• But also require religious groups to obtain state approval to build or open religious buildings.
The Institute on Religion and Public Policy has recently released their own legislative analysis of the proposed law. The law is still under consideration by the Kazakhstan Parliament, but it was passed by the Parliament's Lower House on September 21.

This unfolding event is a great example for us of how religious markets exist within legal and institutional settings and that the nature of religion in a religious market can change due to changes in that setting. This will be a recurring theme in our course.

13th Annual Report on International Religious Freedom

On September 13, the US State Department issued its 13th Annual Report on International Religious Freedom. This report, which is required by an act of Congress:

documents major developments with respect to religious freedom in 198 countries and territories from July-December 2010. The report reflects a broad understanding of universal religious freedom, one that includes the rights to hold private beliefs, including agnosticism or atheism, as well as the right to communal religious expression and education (quoted from the Executive Summary).

One of the most interesting things to look for whenever the report comes out is its identification of the most egregious violators of religious freedom. They are named in the Executive Summary, which is a good section to read to get a good sense of the entire report.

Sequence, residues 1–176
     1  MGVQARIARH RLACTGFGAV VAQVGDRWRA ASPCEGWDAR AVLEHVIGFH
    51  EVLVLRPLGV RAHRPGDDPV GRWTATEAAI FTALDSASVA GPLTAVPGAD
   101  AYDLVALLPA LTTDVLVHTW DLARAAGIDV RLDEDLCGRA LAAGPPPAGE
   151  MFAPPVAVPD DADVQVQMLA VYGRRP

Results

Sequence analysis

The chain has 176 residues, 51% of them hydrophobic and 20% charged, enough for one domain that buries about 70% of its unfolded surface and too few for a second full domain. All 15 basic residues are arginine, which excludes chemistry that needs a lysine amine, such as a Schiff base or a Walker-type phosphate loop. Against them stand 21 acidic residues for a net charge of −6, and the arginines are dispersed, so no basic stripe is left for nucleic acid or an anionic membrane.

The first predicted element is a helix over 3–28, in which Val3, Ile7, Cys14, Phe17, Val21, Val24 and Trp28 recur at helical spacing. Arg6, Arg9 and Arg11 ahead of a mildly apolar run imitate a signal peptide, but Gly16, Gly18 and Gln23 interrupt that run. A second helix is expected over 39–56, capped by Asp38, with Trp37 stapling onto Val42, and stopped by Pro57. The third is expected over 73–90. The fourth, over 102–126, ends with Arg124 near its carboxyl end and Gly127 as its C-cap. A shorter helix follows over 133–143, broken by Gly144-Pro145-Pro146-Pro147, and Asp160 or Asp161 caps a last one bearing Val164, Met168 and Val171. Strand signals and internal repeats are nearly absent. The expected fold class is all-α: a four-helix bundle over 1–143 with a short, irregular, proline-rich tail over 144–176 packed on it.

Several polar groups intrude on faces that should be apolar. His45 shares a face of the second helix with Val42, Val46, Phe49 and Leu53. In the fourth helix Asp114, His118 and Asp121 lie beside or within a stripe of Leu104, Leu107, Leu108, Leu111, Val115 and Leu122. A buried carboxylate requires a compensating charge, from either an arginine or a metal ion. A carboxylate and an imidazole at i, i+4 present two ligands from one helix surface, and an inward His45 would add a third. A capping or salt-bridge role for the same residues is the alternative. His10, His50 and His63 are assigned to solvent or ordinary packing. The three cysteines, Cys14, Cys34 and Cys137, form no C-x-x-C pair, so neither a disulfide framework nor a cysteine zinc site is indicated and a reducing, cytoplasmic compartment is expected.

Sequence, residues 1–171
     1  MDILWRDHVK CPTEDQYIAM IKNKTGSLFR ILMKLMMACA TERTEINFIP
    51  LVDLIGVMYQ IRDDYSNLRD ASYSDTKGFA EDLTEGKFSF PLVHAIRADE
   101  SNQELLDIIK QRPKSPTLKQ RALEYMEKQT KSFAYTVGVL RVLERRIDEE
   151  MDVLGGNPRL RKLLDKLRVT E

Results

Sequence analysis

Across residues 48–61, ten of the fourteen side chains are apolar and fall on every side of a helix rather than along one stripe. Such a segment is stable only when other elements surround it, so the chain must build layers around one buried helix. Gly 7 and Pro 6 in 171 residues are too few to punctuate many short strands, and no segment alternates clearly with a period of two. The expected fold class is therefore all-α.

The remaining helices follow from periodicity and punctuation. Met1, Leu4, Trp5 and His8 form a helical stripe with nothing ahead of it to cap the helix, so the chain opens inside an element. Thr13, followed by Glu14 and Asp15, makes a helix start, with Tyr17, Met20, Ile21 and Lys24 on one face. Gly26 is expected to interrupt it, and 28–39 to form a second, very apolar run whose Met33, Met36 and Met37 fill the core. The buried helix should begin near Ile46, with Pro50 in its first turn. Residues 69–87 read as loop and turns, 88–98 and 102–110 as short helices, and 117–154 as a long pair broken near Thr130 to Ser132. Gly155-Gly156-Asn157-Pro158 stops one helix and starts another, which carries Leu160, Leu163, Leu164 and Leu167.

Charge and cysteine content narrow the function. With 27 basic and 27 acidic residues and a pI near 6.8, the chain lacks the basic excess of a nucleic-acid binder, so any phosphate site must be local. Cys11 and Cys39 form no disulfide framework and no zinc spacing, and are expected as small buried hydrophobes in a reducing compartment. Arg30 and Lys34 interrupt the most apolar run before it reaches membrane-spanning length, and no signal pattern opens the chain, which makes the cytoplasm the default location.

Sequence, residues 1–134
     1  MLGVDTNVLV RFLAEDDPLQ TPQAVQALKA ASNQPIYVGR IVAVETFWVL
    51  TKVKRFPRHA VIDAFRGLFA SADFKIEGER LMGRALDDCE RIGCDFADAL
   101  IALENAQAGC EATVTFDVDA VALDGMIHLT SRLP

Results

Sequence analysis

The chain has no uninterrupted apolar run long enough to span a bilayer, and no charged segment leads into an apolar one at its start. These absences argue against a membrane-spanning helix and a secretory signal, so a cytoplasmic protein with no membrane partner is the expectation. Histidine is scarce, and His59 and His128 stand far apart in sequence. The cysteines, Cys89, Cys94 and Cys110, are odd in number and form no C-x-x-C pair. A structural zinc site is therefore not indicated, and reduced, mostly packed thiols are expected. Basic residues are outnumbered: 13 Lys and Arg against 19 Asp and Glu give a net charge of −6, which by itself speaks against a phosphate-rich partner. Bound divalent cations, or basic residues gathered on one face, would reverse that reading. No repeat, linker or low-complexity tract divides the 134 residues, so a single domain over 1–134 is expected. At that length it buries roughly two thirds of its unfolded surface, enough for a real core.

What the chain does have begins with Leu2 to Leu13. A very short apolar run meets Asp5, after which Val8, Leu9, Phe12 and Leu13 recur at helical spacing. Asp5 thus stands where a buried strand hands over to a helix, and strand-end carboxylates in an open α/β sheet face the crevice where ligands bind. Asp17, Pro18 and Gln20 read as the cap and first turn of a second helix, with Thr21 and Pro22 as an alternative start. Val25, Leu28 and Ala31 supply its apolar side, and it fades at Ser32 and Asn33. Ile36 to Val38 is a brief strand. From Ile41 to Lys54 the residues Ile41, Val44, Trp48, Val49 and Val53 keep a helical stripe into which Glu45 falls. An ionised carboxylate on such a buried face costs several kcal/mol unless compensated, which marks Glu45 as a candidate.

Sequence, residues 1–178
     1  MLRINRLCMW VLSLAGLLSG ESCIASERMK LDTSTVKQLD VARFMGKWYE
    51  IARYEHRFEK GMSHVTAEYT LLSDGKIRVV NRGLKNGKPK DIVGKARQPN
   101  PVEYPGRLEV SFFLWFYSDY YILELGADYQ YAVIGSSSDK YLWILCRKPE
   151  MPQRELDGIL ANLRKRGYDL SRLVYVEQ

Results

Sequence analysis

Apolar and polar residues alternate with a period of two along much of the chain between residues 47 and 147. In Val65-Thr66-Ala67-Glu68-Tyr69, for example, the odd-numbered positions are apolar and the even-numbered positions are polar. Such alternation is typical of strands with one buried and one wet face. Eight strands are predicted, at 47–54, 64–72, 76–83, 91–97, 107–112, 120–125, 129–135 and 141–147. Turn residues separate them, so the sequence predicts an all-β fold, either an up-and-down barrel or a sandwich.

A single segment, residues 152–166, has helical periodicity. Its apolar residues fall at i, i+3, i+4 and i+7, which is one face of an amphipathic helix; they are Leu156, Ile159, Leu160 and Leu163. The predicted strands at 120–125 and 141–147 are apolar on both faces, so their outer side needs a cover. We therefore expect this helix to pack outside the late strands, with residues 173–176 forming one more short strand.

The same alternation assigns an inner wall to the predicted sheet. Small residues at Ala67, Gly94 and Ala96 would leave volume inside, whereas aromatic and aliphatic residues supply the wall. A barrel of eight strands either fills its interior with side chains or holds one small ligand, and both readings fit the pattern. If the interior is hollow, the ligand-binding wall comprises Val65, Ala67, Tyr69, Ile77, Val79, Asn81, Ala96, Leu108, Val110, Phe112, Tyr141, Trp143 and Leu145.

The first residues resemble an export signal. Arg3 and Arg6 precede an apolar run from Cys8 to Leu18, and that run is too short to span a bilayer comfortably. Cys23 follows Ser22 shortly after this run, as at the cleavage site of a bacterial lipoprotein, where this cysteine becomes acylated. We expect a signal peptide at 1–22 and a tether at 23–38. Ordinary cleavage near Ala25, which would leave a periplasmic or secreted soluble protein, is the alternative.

Monday, August 29, 2011

Drive-in Church

As reported at WFAA.com out of Dallas:

Without ever getting outside of their cars, parishioners drive to their favorite spot and sit behind the wheel for a worship service that includes all the familiar music, prayers and a full sermon.
This is the third such church set up by the pastor.

Thursday, August 11, 2011

Examples of the Ongoing Adjustments in Religious Regulations

One theme of our class is that religious regulations vary widely around the world. It is also true that these regulations are in a continual process of adjustment. Here is a recent sampling.
  • The Pew Foundation recently released an important report showing that restrictions on religious practice have increased for a third of the world's population.
  • The Chinese government and Catholic leaders in the Vatican are currently disputing who has the right to ordain Catholic bishops.
  • A woman challenges Belgium's new burqa ban in court.
  • A woman in India is tortured after being branded a witch.
  • The USCIRF asked Secretary of State Clinton to identify Pakistan as a "country of particular concern."